Senate Finance Committee Chairman Max Baucus (D-Mont.) criticized the President's 2011 Trade Agenda, released today, for failing to address Korea's continued unjustified restrictions on U.S. beef as well as the Agenda's lack of a timeline or specific steps to complete the Colombia and Panama Free Trade Agreements (FTAs). Baucus met with Colombian President Juan Manuel Santos and other senior government officials last week in Colombia to discuss the loss of U.S. market share in this key market and to examine ways to continue to improve labor rights there. Baucus lauded the President's commitment to working with Congress to secure a long-term reauthorization of Trade Adjustment Assistance (TAA) and extension of expired trade preference programs, which Baucus has long championed.
"If we want to meet the President's stated goal of doubling U.S. exports by 2015, the Administration needs to act now to resolve the outstanding issues with the Colombia, Panama and Korea Free Trade Agreements and send these agreements to Congress," said Baucus. "It is time to develop a roadmap for increased market access for U.S. beef in Korea. And American ranchers, farmers and businesses can't afford to lose any further ground in the booming Colombian and Panama markets. Colombia has made significant progress reducing violence, protecting human rights and improving labor conditions in Colombia, but this work must continue. The Administration needs to quickly resolve all outstanding issues so Congress can approve all three free trade agreements as soon as possible this year and help create more jobs here at home. I welcome the Administration's support for TAA, which is essential to helping U.S. workers and building strong bipartisan support for the trade agreements."
Last month, Baucus and Finance Committee Ranking Member Orrin Hatch (R-Utah) sent a letter to United States Trade Representative Ron Kirk urging him to quickly address outstanding issues and lay out a plan so that Congress can approve the Colombia and Panama Free Trade Agreements (FTAs). In the letter, the Senators called on Ambassador Kirk to identify at a March 9 Committee hearing any additional steps that Panama or Colombia should take and to provide an expeditious timetable for moving the agreements through Congress.
Baucus has been a leader in Senate efforts to pass the Colombia FTA to expand access to the Colombian market for ranchers, farmers and businesses in the United States. More than 10,000 U.S. companies, most of which are small businesses, export to Colombia and would benefit from increased access to that market. Since 2002, Colombia has reduced the homicide rate of union members by 90 percent. The homicide rate of union members is now six times lower than the homicide rate of the general population in Colombia. And Colombia has strengthened labor rights, including by making it easier for workers to form unions and bargain collectively. But Baucus has emphasized that more work remains. He called on the United States and Colombia to quickly develop a plan that builds on the tremendous progress to date so that the FTA can be approved as soon as possible this year.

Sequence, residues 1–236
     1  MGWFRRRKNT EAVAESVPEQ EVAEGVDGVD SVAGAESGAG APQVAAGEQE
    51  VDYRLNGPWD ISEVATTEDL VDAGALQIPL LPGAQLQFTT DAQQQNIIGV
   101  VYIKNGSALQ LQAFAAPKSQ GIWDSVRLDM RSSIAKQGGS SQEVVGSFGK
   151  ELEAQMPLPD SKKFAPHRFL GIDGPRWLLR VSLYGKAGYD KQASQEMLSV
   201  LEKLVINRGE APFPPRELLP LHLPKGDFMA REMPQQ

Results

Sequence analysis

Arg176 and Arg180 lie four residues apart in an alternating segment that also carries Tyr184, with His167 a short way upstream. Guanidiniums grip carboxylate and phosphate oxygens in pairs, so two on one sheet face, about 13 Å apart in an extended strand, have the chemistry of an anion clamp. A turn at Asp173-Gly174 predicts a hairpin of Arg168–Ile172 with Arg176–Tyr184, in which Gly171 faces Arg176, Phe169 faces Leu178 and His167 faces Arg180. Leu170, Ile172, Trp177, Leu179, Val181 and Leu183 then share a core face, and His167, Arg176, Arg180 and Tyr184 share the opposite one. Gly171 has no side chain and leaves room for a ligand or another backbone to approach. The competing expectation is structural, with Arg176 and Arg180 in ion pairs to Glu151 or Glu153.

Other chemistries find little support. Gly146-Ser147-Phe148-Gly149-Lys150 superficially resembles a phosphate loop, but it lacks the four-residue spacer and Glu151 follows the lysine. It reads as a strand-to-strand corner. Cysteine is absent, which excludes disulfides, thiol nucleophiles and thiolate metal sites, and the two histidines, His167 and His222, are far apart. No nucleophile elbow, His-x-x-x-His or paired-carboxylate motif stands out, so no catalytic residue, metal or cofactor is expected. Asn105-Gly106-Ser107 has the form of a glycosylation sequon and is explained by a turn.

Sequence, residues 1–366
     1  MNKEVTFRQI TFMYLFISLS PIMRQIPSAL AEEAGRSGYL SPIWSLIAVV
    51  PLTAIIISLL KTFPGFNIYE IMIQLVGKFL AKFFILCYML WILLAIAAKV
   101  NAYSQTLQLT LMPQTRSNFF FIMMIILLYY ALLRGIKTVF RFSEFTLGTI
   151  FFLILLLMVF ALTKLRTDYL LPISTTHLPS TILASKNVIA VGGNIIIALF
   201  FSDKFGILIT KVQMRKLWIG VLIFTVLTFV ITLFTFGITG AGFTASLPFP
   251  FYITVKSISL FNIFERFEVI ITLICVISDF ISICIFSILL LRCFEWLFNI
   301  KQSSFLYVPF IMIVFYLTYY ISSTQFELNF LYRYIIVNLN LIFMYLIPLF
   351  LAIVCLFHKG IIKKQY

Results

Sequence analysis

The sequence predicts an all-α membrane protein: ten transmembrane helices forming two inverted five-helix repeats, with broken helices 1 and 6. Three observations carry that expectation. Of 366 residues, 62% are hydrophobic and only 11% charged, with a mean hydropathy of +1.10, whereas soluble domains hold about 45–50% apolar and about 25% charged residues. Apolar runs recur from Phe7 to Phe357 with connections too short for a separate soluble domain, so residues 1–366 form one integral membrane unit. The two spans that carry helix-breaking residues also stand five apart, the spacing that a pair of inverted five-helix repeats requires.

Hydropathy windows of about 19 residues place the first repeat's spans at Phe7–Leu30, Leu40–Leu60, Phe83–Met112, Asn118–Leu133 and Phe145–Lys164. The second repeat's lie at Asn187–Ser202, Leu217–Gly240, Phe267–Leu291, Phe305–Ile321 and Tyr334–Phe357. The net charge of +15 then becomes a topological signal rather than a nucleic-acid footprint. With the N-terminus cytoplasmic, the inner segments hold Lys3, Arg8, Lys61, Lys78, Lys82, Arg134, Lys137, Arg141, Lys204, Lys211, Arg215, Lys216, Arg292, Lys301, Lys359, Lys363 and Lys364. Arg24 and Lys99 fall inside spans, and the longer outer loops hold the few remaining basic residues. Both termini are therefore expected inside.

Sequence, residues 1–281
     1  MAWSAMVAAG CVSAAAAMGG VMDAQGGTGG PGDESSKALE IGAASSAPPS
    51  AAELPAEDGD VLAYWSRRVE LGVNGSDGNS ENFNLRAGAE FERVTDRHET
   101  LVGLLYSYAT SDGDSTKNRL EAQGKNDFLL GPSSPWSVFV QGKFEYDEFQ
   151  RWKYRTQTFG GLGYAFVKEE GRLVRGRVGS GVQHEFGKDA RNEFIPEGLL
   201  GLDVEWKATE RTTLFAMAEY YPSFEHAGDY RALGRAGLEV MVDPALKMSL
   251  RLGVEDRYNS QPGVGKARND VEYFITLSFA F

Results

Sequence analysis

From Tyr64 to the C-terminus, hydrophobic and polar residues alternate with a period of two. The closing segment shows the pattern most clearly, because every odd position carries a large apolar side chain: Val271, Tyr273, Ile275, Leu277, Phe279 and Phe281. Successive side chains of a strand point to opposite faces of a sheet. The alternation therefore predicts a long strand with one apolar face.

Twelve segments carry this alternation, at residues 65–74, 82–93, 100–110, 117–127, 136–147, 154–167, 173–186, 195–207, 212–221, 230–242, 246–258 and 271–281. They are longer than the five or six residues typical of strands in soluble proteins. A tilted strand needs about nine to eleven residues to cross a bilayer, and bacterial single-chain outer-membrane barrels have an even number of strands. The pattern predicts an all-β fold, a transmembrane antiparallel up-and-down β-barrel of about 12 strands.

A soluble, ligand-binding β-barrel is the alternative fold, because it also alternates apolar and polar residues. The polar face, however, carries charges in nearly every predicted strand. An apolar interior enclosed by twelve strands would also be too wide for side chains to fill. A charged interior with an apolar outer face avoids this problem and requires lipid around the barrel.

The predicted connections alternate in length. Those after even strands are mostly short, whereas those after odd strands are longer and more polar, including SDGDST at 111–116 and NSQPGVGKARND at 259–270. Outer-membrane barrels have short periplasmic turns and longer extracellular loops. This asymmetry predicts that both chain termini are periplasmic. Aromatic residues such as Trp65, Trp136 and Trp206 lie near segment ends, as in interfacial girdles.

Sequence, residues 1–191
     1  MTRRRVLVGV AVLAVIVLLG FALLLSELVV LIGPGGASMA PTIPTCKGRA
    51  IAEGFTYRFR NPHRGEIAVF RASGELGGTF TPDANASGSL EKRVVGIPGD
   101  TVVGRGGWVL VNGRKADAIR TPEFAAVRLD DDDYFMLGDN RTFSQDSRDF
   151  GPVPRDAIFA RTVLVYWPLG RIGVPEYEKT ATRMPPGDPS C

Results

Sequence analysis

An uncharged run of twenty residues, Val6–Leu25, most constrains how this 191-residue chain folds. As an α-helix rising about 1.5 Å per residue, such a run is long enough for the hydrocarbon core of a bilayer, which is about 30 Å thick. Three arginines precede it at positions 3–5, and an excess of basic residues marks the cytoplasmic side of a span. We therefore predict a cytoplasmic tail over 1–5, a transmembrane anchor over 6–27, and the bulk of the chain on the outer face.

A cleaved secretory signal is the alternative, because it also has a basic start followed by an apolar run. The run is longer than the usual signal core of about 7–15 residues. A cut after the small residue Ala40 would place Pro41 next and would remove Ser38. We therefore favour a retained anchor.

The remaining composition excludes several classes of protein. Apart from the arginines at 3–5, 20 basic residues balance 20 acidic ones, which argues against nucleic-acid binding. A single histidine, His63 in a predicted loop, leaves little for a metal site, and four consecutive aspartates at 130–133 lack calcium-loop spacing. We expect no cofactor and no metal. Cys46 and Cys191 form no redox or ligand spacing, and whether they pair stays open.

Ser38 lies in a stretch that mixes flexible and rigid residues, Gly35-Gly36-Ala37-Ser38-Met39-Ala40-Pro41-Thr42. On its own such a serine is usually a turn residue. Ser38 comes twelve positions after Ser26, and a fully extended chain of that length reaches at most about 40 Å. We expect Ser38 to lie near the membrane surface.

The United States already has programs that permit most Colombian exports to the United States to receive duty-free treatment, so the FTA would level the playing field for ranchers, farmers and businesses in Montana and across the United States. The Colombia FTA is particularly critical to U.S. agricultural producers. Historically, Colombia has been a top export market for U.S. wheat producers, but despite its advantages, the United States is already losing its share of the Colombian wheat market to Argentina and Canada. The U.S. share of the Colombian wheat market has already dropped from 73 percent in 2008 to 43 percent in 2010, and U.S. farmers could lose the entire market if the FTA is not approved soon. The Colombia FTA would also benefit U.S. manufacturing firms by immediately eliminating duties on 80 percent of exports to Colombia, with the remainder eliminated over time.
Baucus has been a long-time champion of the TAA program, which expired on February 13, 2011. Baucus is working with his colleagues in the House and Senate to extend TAA for all eligible groups. In 2009, Baucus led the effort in Congress to pass the most significant expansion and reform of the TAA program, including new performance measures, since it was created in 1962. TAA provides extended income support and job training to workers, firms, ranchers, farmers, and communities that experience job loss because of increased imports or factory shifts abroad and also helps prevent layoffs entirely by assisting trade-distressed companies retool and become more competitive.
Baucus has also been strong supporter of the Andean Trade Preference Act (ATPA) and the Generalized System of Preferences (GSP). Both programs give developing countries duty-free access to the U.S. market for certain products, helping those developing economies grow and emerge from poverty. ATPA, which Congress established in 1991 to encourage Andean countries to diversify their economies away from illicit drug production, provides Colombia and Ecuador with duty-free benefits on a wide range of products. The expiration of this program comes at a particularly difficult time for Colombia, where heavy rains have caused flooding and landslides that have killed more than 250 people, severely damaged agricultural crops and public infrastructure, and resulted in total economic losses of $5 billion. The GSP program covers a variety of products from almost 130 developing and least developed countries.